Coastal Health District investigating cleanliness of SSU’s student union

Coastal Health District investigating cleanliness of SSU’s student union

SAVANNAH, Ga. (WTOC) - After a video surfaced on social media showing bugs crawling across food at Savannah State University’s Student Union, the building was closed.

The Coastal Health District confirmed Friday they have opened an investigation after receiving complaints.

The building has been closed since the university’s president learned of the bugs near food and has remained closed from more than a week.

Students at SSU say it was on social media that they saw bugs on food at the Student Union.

“It’s kind of horrifying. I’m not going to front, because like, this is a hangout spot. The student union is where we all come together and you know just chill and eat, relax but like we haven’t been able to do that,” senior Tymothy Jones said.

SSU’s interim president says keeping students away is intentional. She has kept the union closed as they called in an exterminator and had a deep clean.

“I would have been disgruntled…also I am. This is not something that should have happened to that student or any student or any person that’s going to get food. I understand that they are going to be frustrated by that it’s not something you should expect when you’re getting your food. We should and will do better,” Interim President Kimberly Ballard-Washington said.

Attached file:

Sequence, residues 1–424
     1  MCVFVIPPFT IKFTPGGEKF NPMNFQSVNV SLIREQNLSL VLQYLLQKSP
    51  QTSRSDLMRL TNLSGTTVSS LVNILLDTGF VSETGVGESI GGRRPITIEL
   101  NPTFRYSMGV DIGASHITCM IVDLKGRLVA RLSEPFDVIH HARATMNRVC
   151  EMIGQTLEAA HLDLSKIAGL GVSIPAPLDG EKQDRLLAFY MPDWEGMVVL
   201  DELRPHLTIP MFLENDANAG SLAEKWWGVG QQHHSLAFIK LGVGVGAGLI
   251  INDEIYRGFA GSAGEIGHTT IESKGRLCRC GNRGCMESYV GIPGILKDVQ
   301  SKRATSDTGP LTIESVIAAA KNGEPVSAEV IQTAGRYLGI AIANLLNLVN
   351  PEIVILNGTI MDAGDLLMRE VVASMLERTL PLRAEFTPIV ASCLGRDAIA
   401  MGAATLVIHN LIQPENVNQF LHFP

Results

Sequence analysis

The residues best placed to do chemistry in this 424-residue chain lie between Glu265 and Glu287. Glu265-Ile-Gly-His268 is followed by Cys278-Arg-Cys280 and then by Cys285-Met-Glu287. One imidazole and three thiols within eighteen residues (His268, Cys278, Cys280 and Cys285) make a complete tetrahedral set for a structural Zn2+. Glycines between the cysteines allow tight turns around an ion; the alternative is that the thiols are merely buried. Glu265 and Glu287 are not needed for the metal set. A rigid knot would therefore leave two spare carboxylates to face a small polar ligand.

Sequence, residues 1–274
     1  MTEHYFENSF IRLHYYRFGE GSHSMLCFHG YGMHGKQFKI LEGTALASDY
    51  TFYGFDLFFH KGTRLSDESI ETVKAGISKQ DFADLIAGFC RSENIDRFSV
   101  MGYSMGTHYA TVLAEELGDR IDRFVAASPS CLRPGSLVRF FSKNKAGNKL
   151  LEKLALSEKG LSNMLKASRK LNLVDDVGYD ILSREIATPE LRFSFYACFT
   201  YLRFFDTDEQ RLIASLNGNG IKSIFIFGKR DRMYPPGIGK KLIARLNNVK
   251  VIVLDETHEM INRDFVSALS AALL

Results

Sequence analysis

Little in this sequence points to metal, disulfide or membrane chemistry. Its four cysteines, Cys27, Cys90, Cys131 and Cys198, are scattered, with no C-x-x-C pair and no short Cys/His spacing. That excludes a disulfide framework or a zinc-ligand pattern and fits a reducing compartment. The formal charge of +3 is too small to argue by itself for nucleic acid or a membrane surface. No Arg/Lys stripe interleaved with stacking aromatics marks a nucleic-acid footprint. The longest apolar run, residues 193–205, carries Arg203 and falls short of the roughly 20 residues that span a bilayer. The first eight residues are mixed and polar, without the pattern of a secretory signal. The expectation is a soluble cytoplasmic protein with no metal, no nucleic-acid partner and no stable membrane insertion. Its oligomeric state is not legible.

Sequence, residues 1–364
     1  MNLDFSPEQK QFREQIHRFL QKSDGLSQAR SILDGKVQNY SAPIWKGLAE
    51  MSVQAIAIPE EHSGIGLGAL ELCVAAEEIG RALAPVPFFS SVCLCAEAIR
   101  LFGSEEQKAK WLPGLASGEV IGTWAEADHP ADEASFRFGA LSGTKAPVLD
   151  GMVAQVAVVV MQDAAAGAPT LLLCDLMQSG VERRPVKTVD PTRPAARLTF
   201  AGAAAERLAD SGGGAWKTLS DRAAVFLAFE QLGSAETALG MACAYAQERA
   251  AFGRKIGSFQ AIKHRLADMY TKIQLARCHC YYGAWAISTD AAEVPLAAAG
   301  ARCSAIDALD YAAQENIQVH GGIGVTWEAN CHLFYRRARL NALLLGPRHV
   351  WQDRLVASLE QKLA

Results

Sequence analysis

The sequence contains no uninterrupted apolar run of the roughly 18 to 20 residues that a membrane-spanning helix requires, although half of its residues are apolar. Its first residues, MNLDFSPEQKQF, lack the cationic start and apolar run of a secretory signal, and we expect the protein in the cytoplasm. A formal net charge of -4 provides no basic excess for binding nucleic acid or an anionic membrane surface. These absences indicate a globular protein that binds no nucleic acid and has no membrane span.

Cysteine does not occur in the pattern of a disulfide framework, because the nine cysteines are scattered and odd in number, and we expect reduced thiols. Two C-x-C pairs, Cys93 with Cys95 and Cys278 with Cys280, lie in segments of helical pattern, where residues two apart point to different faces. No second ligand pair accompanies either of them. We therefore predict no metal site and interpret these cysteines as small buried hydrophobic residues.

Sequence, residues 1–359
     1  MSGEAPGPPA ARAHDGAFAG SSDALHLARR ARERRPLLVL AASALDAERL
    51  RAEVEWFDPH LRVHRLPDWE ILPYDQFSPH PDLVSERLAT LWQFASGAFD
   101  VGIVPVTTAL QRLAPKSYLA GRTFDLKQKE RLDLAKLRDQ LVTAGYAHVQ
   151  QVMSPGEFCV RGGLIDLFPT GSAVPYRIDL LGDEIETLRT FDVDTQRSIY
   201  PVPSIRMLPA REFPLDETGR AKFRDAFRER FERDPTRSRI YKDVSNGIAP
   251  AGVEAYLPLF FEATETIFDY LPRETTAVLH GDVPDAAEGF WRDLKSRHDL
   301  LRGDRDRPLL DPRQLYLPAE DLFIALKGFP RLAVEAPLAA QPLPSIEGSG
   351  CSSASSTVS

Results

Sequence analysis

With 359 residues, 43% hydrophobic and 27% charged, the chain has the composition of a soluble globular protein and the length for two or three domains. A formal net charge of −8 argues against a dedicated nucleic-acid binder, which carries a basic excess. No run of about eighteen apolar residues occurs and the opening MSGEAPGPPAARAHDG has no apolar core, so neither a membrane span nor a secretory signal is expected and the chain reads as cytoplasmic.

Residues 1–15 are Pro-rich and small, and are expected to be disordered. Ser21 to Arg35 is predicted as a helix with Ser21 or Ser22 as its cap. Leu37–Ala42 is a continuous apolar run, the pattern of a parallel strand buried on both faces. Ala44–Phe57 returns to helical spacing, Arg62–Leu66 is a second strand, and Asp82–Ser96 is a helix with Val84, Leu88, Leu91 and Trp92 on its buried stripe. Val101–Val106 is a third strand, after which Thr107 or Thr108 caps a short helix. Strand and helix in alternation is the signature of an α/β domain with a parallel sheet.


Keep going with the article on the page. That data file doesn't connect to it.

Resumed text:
That’s what students want. Senior Deshanel Govan has a meal plan that costs more than $1,200. She says the closure has been inconvenient and she has only been able to eat at Tiger Express but is hopeful the school does the right thing.

“It is frustrating that we’re paying for it and we’re having a lot of problems, but I am glad that they are trying to do something about it and hopefully stuff changes,” Govan said.

The university’s food is provided by Thompson’s and the interim president says the company has made some employment changes recently. She says they are taking every precaution to improve the student union and are working with students to resolve issues.

“Out of an abundance of caution, I want us to do everything we can to make sure that when we go back in that building it is really an all clear,” Ballard-Washington said.

Students say they are weary of trying the food, with some going off campus to eat. But that’s why campus leaders are talking to experts about how to prevent this from happening again.

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